Why Dance Classes
More Australian children are dancing and engaging in martial arts – but less are playing netball and tennis – according to figures released by the Australian Bureau of Statistics (ABS).
“Between 2003 and 2012, children’s participation has increased by 27 per cent for dancing.”
“Contributing to the increasing popularity of dancing was a rise in participation among children aged five to eight years, with participation increasing from 27 per cent to 32 per cent for girls
Television shows had made dancing a more acceptable choice for boys, who mostly favour hip hop and funk dance while girls choose contemporary and more recent styles over classical ballet.
Kids love to be active. Making physical activity a part of their daily routine is not only fun, but also healthy. Physical activity is important for healthy growth and development. It is also a great way for kids to make friends and learn physical and social skills.
Encouraging kids to be active when they are young also establishes a routine that could stay with them throughout their life.
If you are a parent or carer of a young child, the two points to remember are:
* Children need at least 60 minutes (and up to several hours) of moderate to vigorous physical activity
* Children should not spend more than two hours a day using electronic media for entertainment (e.g. computer games,TV, Internet), particularly during daylight hours.
Why is physical activity important?
Children between 5 and 12 years of age greatly benefit from being physically active. It can:
* Promote healthy growth and development.
* Build strong bones and muscles.
* Improve balance and develop skills.
* Maintain and develop flexibility.
* Help achieve and maintain a healthy weight.
* Improve cardiovascular fitness.
* Help relaxation.
* Improve posture.
* Provide opportunities to make friends.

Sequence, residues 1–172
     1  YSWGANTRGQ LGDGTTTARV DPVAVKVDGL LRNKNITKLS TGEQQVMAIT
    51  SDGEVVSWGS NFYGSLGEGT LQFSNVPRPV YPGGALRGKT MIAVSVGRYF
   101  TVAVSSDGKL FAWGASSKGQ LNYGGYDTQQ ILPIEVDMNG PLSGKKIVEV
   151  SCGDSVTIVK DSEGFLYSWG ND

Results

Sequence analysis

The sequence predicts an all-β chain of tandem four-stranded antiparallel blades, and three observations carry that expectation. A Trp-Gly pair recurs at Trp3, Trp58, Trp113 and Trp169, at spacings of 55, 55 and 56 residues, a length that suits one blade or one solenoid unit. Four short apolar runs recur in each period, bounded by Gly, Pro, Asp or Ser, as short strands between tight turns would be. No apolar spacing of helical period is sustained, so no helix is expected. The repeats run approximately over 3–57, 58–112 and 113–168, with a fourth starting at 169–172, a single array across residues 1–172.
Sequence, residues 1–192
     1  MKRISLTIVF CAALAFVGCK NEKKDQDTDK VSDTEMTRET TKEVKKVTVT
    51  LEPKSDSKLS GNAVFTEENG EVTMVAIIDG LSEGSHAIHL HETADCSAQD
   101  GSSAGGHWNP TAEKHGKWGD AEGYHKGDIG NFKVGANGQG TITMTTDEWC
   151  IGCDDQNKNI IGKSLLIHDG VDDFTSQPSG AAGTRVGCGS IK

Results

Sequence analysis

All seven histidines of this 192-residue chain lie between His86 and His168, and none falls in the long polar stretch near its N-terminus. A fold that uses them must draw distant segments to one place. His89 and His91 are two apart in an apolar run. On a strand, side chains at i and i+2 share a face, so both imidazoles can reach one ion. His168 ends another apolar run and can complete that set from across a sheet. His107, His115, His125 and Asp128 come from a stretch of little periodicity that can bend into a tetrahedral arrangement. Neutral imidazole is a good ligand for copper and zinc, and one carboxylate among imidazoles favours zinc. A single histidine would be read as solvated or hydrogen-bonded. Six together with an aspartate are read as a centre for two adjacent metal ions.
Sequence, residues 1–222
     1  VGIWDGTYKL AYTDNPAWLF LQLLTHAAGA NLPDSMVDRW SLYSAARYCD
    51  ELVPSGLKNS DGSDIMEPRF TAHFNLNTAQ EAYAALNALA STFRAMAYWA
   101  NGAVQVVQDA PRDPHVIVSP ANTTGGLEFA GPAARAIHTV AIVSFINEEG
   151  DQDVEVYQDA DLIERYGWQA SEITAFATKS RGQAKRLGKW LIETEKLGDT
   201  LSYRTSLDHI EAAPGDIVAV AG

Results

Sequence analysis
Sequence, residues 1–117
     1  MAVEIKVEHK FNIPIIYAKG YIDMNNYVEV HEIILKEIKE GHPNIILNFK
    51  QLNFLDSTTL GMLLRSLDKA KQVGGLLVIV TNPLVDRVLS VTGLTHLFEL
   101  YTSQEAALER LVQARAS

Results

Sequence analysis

* Improve self-esteem.
How much is enough?
Kids need to do a minimum of 60 minutes of physical activity every day. But remember, more is better – even up to several hours! This can be built up throughout the day with a combination of moderate to vigorous activities.
What type of activity is recommended?
More vigorous activities will make kids “huff and puff” like ballet, running and swimming laps.
Most importantly, kids need the opportunity to participate in a variety of activities that are fun and suit their interests, skills and abilities.
Variety will also offer your child a range of health benefits, experiences and challenges. Remember, any activity that sees your child expend energy is good!
What about skill learning? Kids gain valuable experience and can learn skills such as running, throwing, jumping, catching and kicking, by participating in a variety of physical activities.
‘excerpts from ABS report’
WHY I DON”T PAY FOR DANCE!
The other night someone asked me “Why do you pay so much money for your girls to dance?” Well I have a confession to make, I don’t pay for dance. Personally, I couldn’t care less about dance. I grew up in a family of 4 boys and no girls. The “Nutcracker” was something you did on a dare off of the high dive at the pool or something you unpleasantly surprised your brother with. Up until the day I met my wife if I were asked to go to Swan Lake I would have asked if we were water skiing or fishing.
So if I am not paying for dance what am I paying for?
I pay for those moments when my daughters become so tired they want to quit but don’t.
I pay for those days when my daughters come home from school and are “too tired” to go dance but go anyway.
I pay for my daughters to learn to be graceful.
I pay for my daughters to learn to take care of their body.
I pay for my daughters to learn to work with others and to be good team mates.
I pay for my daughters to learn to deal with disappointment, when they don’t get that part they hoped for, but still have to work hard at the part that they received.
I pay for my daughters learn to make and accomplish goals.
I pay for my daughters to learn that it takes hours and hours and hours and hours of hard work and practice to create something beautiful, and that success does not happen over night.
I pay for the opportunity my daughters have and will have to make life-long friendships.
I pay so that my daughters can be on stage instead of in front of a screen…
I could go on but to be short, I don’t pay for dance, I pay for the opportunities that dance provides my daughters to develop attributes that will serve them well throughout their lives and give them the opportunity to bless the lives of others. From what I have seen so far I think it is a great investment!
I am sure that other parents get similar questions. “Why do you pay for competitive baseball?” “Why do you pay for Quarterback training?” “Why do you pay for club soccer?” “Why does your kid swim year round?”…. I just think it is important to realize what we are really paying for.
By Shad Martin